The foils are resin transfer moulded and offer an incredible strength to weight ratio. All they require is repairs from any groundings and a light sanding from time-to-time. The downhaul on the rudder requires checking for wear as does the tiller extension flex joint. I would recommend a carbon tiller extension as they are much lighter and provide bags more ‘feel’ than an aluminium one. I also choose to secure the rudder assembly down to the top rudder pintle to avoid it coming off. An unlikely occurrence but has happened in certain sea states.

Grip is important in this kind of boat. A loss of footing can end up with a costly swim. I prefer to wax the decks inside, with progrip on the wings. Simply wipe over all surfaces aft of the mast and reapply regularly. Some others guys prefer progripping their decks and central push-off bar as well. Both work equally well. I also prefer not to use toe-loops on the wings but others find them useful for sea sailing.

If you are choosing from the options list for your new boat, definitely go for the split control lines, ie a separate eye rivetted to the wings for kicker, outhaul and cunningham, it just makes life a little easier. As does a continous kicker, also available as an optional extra.

Rig :
The carbon rig is probably the area that most sailors find the most difficult aspect of tuning their boat. Firstly lets look at rake and rig tension and then other ways to alter your mast and sail shape.

Rake is measured from the top of the mast to the transom bar on the centreline. Do not use chainplate holes as your only measure of rake as shroud and forestay lengths may vary a little but they can be used once a benchmark has been set. In medium airs (10-18 knots) the current fashion is 6900mm (on most boats, 3rd hole down from the top of chainplates). In light airs move up the chainplate one hole. In winds over 18 knots move down the chainplate by anything up to three holes but usually only one hole again unless nose-diving is likely to be a real problem. If you are sailing with the reefed rig you will need to reset your benchmark, probably finding the shrouds are now much lower down the chainplates, maybe even on the very bottom hole. Helm size and wide or narrow winged boats should all fit into the above criterea. However if you are very light (< 10st) or very heavy (> 15st) you may need to find a slightly different benchmark.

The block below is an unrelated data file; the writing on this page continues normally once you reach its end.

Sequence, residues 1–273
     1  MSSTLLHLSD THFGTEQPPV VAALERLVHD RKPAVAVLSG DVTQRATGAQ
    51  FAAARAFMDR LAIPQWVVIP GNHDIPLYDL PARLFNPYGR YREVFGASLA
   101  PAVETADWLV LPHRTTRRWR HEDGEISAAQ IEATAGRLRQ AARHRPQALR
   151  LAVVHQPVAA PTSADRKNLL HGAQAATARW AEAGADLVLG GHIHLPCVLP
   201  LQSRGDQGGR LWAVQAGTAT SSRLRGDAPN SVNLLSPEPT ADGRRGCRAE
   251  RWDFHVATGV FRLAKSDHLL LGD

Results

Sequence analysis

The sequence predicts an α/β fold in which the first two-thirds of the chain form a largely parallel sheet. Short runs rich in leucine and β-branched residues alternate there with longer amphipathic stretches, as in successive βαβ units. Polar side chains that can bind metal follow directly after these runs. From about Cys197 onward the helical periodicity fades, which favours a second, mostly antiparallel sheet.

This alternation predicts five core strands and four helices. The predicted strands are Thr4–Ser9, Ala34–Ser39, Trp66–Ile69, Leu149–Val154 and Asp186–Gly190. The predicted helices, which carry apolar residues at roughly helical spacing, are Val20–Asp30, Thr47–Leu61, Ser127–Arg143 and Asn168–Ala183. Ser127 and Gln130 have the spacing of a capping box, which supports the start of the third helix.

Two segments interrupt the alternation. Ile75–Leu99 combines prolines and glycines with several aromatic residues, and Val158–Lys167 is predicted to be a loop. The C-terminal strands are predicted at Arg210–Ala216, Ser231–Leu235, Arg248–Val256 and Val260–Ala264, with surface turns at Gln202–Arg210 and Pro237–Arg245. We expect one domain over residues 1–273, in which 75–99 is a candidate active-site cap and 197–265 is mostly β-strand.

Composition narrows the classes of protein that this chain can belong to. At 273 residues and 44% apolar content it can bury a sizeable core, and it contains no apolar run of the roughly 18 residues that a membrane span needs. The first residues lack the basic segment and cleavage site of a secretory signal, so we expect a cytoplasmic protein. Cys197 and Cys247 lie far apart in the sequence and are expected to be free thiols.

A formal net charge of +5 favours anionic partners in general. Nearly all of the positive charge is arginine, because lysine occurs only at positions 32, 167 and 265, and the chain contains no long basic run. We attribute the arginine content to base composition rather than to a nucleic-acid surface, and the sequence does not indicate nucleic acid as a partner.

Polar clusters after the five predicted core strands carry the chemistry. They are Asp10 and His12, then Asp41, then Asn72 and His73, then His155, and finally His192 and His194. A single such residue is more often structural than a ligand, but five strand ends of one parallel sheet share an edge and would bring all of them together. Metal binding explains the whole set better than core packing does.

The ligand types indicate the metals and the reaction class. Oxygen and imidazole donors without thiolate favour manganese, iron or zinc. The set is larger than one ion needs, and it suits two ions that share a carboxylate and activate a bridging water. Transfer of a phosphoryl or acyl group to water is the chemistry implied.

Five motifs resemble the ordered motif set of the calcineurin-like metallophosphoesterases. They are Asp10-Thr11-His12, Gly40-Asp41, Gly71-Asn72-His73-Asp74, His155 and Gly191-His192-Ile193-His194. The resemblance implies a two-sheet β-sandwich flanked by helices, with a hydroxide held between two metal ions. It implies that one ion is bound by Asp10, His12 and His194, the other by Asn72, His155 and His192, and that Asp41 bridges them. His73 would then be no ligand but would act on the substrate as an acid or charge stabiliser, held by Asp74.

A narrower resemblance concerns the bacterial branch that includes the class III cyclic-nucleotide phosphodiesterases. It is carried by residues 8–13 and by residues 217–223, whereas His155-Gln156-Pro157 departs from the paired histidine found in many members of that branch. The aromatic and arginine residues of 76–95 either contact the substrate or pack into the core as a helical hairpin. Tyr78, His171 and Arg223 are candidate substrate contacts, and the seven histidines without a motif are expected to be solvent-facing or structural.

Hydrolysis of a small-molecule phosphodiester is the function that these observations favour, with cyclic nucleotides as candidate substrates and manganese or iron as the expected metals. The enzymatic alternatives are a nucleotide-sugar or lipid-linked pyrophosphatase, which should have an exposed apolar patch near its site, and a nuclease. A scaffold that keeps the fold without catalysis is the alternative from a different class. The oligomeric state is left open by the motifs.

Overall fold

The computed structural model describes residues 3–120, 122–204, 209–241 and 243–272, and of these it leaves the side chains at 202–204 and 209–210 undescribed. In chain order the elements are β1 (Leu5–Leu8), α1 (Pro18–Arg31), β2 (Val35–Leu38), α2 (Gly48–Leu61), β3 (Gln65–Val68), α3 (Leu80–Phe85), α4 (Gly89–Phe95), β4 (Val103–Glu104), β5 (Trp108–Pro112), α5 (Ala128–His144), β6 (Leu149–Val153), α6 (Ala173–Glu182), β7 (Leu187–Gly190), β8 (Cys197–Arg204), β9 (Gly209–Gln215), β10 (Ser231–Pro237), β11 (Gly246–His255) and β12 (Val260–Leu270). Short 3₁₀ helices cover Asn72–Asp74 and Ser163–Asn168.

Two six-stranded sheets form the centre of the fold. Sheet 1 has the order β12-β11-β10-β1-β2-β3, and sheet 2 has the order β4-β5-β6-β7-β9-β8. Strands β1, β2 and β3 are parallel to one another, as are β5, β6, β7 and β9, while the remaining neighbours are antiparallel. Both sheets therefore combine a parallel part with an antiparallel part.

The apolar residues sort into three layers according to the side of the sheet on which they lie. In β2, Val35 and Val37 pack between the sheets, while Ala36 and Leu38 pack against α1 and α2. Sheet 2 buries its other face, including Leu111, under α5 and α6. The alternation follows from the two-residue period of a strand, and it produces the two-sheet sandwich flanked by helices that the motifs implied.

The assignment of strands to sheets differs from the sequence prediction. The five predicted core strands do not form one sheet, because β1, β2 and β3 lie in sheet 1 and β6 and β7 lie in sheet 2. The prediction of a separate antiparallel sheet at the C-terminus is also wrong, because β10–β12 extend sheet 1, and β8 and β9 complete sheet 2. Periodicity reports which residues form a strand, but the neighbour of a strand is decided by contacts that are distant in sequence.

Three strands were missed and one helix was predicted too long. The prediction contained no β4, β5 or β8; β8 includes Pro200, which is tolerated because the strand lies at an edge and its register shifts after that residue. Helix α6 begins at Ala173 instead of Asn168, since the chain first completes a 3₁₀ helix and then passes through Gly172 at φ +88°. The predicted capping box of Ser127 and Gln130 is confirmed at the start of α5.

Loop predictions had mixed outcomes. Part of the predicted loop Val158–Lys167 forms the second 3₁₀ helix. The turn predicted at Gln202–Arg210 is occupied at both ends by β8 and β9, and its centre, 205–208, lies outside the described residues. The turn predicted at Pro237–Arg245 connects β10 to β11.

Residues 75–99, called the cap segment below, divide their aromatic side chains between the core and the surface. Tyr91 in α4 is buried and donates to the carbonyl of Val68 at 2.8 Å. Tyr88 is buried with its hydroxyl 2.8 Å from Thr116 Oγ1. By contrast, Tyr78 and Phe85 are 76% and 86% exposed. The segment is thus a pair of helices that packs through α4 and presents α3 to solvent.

Rig tension is also something that should be set prior to launching. It can be adjusted between races while afloat but this involves a capsize usually and a swim up to the bow. The benchmark for our medium air senario is between 150-200 pounds. In light conditions try around 100 pounds and in strong conditions something above 200 pounds. I find that the flatter the water, the less rig tension I need. This may feel a little strange but seems fast.

Diamond wire tension is a bigger concern to helms than it should be. The range is 30 pounds for a 10st sailor up to 100 pounds for a 15st sailor. Once set I tend to leave alone but check from time-to-time that the bottle screw hasn’t worked lose during travel. Spreaders are fixed and all the same length so there is no need to worry about these.

There are several other controls that should be used to control the rig. An increasingly common way to pre-bend the mast is to use the main halyard. Hoist the sail to the top of the mast then thread the cunningham through a slip knot in the halyard where it emerges from the bottom of the mast. Pull down the cunningham to extract approximately another two inches of halyard from the bottom and then cleat. This will require changing the halyard on average twice a year to avoid failure and also crushes the sail headboard after a while but the resulting pre-bend does see the sail set much better on the mast.

A common failing among new sailors is to under use the cunningham and kicker. I would suggest using as much cunningham as you can pull on and then some for up-wind sailing in a breeze. The cascade kicker should be slightly under load when onshore with the sail hoisted and halyard tensioned (see above) but should be pulled block-to-block when beating in anything over 10 knots. Use these two controls to the full and see your mast now resemble a windsurfer rig but giving bags of forward power. Sail battens should be tied in securely so that all sail creases are removed but not so tight that the sail wont lie flat on the ground.

Another worthy tip before going afloat is to tape up almost everything. Shroud pins through chainplates, shroud reefing points, shrouds to spreaders, all split rings on trapeze gear, tiller extension joint onto tiller, all control line to shockcord knots, sail batten ties on sail.

In conclusion the RS600 is a simple boat to rig and once set up correctly really doesn’t need a lot of maintence. Unfortunately this means the rest is down to the helm and to master this boat requires lots of on-the-water practise. The RS Association is directing more resources and attach increased importance on training for sailors who want to both tune and master the handling techniques of their RS boat with help from fleet experts and qualified racing coaches.